- Jackson man to cast electoral vote for Trump; others trying to dissuade him (11/29/16)51
- Man killed by vehicle had been charged with domestic assault (11/30/16)
- Former Cape council member dies, remembered as 'wonderful public servant' (11/29/16)1
- Hotel chain president: City should regulate short-term lodging (11/27/16)16
- Woman accused in three robberies disguised herself as man (11/29/16)5
- Post-election taunts reported at Jackson schools (12/2/16)25
- Officers: Delta man dies during domestic dispute (11/28/16)1
- Business notebook: New store shows faith in Scott City district (11/28/16)
- Missouri chamber to honor Cape's John Mehner (11/30/16)6
- Men who pulled father, son from burning car near Naylor honored by highway patrol (12/1/16)
It's not funny
The Cape Girardeau County prosecuting attorney's decision last month not to file charges against a 17-year-old Central High School student after the student allegedly wrote a note regarding a "pretend" shooting at the school was based on the burden of proof. Missouri law requires, in such cases, proof that the student actually intended to carry out the plan. Prosecutor Morley Swingle doesn't believe the facts support such a proof.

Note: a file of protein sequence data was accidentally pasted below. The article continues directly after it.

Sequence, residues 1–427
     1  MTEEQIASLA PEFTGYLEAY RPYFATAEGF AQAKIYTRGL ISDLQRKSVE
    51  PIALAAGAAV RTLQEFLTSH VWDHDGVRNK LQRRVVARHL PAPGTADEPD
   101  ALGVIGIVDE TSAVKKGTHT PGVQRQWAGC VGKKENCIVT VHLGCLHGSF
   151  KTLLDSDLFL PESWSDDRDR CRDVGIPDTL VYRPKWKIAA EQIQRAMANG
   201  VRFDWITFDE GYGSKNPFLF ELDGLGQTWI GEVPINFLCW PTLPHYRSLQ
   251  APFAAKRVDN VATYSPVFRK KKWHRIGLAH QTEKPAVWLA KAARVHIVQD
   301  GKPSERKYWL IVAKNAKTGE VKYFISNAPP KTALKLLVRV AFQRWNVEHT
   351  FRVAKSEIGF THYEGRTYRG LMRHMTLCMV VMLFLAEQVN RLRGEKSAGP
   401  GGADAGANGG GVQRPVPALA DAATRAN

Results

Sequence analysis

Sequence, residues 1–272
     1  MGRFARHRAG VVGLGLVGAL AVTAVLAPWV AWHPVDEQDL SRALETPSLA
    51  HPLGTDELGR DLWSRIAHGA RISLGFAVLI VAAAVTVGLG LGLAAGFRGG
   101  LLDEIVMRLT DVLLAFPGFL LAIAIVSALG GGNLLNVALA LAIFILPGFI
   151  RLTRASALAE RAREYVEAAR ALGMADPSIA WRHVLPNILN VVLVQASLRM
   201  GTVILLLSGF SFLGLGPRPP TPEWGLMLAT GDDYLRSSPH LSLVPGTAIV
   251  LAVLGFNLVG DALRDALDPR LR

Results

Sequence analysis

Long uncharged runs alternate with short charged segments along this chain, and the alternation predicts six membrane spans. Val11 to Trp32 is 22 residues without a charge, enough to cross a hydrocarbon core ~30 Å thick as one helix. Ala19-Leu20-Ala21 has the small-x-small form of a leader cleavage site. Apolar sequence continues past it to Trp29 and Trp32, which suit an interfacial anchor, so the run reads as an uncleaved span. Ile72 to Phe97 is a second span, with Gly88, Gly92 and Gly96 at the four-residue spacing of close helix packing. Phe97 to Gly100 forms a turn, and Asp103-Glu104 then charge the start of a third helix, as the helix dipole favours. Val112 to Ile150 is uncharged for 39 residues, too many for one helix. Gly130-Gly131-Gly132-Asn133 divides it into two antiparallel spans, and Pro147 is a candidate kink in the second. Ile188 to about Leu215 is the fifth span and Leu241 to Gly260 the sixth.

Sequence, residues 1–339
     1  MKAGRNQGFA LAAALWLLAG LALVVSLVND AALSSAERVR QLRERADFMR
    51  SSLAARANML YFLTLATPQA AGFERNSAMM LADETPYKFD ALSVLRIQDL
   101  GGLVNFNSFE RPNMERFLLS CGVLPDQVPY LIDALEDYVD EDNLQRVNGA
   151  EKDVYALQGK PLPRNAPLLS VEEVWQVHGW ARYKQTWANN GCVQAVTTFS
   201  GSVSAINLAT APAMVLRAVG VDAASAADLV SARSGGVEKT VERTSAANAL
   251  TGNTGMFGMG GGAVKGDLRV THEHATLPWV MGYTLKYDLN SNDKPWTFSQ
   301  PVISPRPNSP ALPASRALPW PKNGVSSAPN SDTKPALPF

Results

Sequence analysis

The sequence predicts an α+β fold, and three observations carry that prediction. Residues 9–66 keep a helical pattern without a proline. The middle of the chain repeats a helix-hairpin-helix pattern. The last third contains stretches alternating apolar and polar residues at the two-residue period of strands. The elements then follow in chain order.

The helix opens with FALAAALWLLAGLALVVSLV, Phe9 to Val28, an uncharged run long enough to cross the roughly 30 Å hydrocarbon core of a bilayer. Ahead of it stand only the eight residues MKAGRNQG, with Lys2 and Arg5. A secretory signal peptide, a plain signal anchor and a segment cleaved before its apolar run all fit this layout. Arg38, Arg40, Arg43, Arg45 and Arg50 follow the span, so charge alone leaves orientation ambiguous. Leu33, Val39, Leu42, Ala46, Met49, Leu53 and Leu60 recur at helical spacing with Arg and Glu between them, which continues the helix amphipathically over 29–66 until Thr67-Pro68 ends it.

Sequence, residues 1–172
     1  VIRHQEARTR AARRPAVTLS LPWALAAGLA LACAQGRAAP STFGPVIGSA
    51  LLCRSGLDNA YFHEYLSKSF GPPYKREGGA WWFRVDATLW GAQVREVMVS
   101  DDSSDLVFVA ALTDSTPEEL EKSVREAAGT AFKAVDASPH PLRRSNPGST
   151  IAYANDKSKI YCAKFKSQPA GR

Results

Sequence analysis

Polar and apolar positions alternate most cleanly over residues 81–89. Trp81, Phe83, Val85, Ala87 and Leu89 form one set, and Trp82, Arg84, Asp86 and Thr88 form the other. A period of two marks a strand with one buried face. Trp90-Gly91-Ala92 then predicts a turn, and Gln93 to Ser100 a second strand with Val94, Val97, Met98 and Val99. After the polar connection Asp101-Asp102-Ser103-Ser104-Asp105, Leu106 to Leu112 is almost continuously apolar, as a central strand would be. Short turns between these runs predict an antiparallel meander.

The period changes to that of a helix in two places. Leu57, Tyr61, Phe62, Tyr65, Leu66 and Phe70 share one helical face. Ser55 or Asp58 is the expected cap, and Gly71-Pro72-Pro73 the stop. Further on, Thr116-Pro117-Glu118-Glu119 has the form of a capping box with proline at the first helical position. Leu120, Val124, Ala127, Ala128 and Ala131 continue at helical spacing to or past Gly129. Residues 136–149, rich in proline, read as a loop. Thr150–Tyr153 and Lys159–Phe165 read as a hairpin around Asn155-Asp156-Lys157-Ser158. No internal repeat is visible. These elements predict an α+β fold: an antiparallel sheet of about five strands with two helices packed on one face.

But the incident begs the question: Should a student who, even jokingly, comes up with a plan for a school shooting be admonished in any way?
In the years since the airplane skyjackings have been used for various purposes, including terrorism, the threshold of tolerance for such "jokes" has become lower and lower. The same goes for many other activities that could, if not for the joke, become serious threats to innocent lives.
Two thoughts come to mind in the wake of the incident at CHS:
First, school authorities can, as the prosecutor suggested, and should impose its own disciplinary measures on students who think shooting plots are funny.
Second, perhaps legislators should look at existing laws that cover similar situations and determine whether prosecutors should be given broader authority to bring charges when warranted.
Incidents of school shootings, students bringing firearms to schools and students "joking" about something that is so deadly serious all point to the need for tight rules and tough laws.